The tax overhaul that President Donald Trump signed in December has allowed employers to increase wages, although inflation in the U.S. remains moderate, the Federal Reserve said Wednesday.
The central bank’s Beige Book, a collection of anecdotal reports from 12 Fed districts, said businesses saw “modest increases in compensation” after the passage of the $1.5 trillion tax-cut package. The Federal Reserve Bank of Cleveland noted that the Tax Cut and Jobs Act is enabling firms to invest more and boost worker pay. In the Boston district, according to the Fed, one large retailer plans to pass half of its savings from tax cuts to workers and a smaller retailer will raise salaries to match competitors.
The latest Beige Book comes two weeks before the policy meeting in March, when the Federal Open Market Committee is expected to hike interest rates for the first time in 2018. Investors are closely watching the Fed for clues about interest rates and its outlook for the U.S. economy. While the Fed has telegraphed three rate hikes this year, recent economic reports have signaled a possible acceleration in inflation, which could encourage policy makers to raise interest rates at a faster clip.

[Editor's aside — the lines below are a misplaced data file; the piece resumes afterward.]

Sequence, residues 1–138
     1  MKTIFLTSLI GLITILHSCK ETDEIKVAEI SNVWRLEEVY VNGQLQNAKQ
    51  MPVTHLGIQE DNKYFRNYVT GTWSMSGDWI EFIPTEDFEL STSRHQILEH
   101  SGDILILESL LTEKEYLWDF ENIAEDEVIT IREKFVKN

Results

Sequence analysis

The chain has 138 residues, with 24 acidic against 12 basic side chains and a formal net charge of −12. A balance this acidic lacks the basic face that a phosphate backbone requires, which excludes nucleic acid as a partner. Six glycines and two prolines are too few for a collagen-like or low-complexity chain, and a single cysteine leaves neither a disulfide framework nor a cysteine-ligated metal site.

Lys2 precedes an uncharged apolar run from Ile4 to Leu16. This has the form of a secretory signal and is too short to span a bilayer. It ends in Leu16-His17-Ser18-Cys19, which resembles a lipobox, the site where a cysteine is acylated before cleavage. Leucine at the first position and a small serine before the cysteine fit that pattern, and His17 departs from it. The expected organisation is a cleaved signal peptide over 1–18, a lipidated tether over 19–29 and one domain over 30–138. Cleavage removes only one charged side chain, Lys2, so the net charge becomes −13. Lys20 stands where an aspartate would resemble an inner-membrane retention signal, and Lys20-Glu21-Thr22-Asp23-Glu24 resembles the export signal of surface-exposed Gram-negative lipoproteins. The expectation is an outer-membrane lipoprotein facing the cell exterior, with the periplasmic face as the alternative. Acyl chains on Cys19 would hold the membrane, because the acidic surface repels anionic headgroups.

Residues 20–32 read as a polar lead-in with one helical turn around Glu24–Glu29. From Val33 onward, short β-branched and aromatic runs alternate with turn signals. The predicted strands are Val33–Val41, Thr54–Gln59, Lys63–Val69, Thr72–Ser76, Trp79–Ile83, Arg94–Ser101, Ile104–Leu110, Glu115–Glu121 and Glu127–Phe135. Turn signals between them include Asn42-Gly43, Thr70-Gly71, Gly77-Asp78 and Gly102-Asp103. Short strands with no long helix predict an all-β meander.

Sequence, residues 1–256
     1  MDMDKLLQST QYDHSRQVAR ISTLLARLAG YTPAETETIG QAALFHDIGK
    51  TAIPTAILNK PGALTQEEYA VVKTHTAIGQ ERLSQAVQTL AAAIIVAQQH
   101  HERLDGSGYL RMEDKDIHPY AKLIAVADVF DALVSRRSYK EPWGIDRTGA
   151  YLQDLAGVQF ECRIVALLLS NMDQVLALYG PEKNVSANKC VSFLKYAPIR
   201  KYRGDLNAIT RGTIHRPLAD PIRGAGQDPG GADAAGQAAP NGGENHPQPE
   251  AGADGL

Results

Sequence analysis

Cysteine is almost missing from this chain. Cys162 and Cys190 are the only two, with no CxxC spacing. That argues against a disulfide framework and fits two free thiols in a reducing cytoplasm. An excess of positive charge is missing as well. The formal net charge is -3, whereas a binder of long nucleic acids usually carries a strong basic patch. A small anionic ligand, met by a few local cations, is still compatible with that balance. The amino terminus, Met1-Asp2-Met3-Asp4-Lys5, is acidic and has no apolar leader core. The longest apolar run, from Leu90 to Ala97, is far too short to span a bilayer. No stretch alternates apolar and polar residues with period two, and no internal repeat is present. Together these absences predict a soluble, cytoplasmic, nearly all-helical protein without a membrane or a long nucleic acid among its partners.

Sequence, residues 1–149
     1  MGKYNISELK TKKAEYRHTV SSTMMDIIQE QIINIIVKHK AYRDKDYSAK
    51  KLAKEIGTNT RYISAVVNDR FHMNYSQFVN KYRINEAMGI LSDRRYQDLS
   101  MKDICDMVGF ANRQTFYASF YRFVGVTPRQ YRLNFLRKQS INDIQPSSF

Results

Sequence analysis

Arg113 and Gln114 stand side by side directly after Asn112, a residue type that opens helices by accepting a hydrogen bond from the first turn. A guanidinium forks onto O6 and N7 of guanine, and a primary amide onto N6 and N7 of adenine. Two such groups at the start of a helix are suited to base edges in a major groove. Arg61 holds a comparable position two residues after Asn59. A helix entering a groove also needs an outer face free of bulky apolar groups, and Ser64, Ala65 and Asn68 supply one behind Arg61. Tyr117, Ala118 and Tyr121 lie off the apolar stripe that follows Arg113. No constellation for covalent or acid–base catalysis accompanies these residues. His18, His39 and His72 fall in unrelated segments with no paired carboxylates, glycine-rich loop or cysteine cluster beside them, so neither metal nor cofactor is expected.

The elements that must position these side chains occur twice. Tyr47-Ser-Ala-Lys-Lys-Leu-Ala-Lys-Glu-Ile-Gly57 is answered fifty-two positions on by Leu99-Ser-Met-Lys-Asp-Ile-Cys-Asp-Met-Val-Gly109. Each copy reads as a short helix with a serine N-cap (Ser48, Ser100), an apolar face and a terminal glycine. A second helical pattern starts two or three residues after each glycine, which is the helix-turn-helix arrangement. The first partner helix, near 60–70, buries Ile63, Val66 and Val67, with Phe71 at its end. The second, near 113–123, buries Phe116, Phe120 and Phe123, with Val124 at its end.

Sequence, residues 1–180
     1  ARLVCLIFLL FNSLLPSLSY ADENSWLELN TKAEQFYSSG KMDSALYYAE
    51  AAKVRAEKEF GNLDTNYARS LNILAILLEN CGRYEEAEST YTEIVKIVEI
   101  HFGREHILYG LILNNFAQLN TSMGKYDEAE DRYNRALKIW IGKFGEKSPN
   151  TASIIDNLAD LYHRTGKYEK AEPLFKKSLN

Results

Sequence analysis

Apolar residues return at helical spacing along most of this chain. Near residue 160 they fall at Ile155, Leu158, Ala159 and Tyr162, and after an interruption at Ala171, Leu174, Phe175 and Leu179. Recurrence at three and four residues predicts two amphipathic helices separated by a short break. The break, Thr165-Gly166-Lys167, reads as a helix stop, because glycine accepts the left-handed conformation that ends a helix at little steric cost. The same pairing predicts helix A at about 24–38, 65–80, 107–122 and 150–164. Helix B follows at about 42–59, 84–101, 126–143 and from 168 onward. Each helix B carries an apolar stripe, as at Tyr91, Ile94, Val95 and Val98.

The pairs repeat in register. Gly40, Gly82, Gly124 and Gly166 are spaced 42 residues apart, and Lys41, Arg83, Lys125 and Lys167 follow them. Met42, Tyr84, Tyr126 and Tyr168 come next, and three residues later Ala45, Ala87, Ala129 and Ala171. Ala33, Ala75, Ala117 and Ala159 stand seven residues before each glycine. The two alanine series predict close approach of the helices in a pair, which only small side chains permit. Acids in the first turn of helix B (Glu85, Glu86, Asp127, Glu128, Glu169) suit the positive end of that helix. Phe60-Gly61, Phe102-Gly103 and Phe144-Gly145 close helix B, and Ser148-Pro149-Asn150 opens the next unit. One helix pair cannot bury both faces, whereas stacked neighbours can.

In its Beige Book, the Fed noted that the U.S. economy expanded at a “modest to moderate pace” in January and February, a slight downgrade from its previous view of “solid” growth.
Some Fed districts reported worker shortages and “brisk demand” for qualified workers, adding that wage growth picked up at a “moderate” pace. Facing worker shortages, employers are raising wages and expanding benefit packages, according to the Fed.